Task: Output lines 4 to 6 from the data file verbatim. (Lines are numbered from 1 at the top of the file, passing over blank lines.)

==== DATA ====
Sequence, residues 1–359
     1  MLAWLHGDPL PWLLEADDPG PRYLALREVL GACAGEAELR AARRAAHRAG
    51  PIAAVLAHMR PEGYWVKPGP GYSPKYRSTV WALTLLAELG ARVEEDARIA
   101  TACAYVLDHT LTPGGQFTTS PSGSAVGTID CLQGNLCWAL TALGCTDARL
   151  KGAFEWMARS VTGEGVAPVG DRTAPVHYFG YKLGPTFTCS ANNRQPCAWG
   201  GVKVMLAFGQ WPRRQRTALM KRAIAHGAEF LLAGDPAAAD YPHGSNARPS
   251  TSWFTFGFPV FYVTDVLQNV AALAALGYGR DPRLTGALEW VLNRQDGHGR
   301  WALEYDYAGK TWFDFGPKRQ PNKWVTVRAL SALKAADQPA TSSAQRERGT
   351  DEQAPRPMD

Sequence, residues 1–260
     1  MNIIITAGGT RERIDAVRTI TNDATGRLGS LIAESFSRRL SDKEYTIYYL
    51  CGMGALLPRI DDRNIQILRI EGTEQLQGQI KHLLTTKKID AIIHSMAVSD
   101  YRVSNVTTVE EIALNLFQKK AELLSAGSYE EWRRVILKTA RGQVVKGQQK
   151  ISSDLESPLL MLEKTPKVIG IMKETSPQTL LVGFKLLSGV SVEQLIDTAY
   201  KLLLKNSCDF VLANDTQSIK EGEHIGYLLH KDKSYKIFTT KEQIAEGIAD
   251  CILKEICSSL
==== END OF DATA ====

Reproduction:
   101  TACAYVLDHT LTPGGQFTTS PSGSAVGTID CLQGNLCWAL TALGCTDARL
   151  KGAFEWMARS VTGEGVAPVG DRTAPVHYFG YKLGPTFTCS ANNRQPCAWG
   201  GVKVMLAFGQ WPRRQRTALM KRAIAHGAEF LLAGDPAAAD YPHGSNARPS